The Treaty of New Echota was the treaty that was used by the US government to legally justify the forced relocation of the Cherokee and the Trail of Tears. Signed in 1835, the treaty sold all Cherokee territory as far as the Mississippi to the United States for a sum of five million dollars. It was advanced by only a very small minority of the Cherokee people and faced widespread opposition among the Cherokee themselves. Its illegitimacy, however, did not prevent it from going into effect.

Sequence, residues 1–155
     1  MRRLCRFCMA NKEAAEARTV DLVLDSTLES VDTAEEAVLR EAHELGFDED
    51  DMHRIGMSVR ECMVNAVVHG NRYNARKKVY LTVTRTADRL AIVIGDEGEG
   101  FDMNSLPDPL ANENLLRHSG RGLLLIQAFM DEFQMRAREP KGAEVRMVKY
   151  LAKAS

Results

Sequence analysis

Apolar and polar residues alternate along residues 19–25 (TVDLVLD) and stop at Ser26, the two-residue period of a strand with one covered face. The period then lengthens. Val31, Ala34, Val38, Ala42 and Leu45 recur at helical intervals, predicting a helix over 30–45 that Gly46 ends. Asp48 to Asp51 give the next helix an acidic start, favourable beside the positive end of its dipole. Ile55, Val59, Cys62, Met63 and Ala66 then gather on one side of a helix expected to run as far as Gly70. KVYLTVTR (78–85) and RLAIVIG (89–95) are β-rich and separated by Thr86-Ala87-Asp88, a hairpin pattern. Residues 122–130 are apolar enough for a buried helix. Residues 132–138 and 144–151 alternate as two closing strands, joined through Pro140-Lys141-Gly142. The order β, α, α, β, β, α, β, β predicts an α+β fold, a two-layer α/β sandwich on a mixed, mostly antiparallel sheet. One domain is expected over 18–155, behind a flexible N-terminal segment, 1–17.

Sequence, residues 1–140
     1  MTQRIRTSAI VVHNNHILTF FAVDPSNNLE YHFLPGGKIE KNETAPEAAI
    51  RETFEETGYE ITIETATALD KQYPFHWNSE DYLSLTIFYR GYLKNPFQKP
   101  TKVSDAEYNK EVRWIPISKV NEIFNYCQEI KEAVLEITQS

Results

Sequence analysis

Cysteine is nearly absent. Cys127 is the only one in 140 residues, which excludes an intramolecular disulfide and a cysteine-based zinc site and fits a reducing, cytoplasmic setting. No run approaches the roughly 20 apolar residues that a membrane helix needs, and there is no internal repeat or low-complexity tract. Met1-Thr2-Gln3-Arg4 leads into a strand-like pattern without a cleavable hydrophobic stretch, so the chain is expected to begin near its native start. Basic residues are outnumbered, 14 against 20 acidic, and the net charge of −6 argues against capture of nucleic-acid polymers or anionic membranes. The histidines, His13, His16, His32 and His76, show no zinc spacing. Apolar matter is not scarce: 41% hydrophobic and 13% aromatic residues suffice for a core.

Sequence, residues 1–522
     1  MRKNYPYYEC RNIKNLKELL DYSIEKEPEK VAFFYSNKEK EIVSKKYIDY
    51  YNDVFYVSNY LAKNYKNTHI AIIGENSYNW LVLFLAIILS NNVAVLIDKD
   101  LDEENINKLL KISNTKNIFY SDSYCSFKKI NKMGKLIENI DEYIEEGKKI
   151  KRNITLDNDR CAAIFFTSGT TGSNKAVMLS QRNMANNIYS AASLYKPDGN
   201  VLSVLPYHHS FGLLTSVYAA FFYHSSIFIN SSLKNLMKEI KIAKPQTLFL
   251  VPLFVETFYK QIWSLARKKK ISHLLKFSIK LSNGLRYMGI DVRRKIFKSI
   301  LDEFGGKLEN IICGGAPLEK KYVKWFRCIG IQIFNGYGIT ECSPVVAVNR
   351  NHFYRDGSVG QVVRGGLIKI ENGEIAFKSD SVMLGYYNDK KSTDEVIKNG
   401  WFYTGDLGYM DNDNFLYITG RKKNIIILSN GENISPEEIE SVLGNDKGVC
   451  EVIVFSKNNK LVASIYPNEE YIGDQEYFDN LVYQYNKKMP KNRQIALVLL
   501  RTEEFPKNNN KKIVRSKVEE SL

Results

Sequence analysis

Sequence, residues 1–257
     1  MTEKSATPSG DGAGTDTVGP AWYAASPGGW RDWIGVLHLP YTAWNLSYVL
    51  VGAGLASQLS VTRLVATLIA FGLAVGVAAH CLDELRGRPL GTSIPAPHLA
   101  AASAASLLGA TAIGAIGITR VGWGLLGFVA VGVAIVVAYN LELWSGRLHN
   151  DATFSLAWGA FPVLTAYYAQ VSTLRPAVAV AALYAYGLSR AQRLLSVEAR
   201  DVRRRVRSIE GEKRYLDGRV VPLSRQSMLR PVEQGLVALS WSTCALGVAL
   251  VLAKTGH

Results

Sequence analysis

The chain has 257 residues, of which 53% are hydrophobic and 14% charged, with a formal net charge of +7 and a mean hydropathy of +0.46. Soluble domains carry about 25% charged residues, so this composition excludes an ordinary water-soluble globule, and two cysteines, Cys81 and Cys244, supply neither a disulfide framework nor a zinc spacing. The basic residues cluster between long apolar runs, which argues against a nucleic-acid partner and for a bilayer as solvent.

Throughout the early decades of the nineteenth century, US citizens wanted access to Indigenous territories so that they could then exploit that land for their own use, a desire that shaped the passage of the Indian Relocation Act of 1830. With the Treaty of New Echota, then, the US government thus gained a powerful tool through which they could forcefully relocate the Cherokee farther west in order to take control of Cherokee lands, with thousands of Indigenous people dying in the process.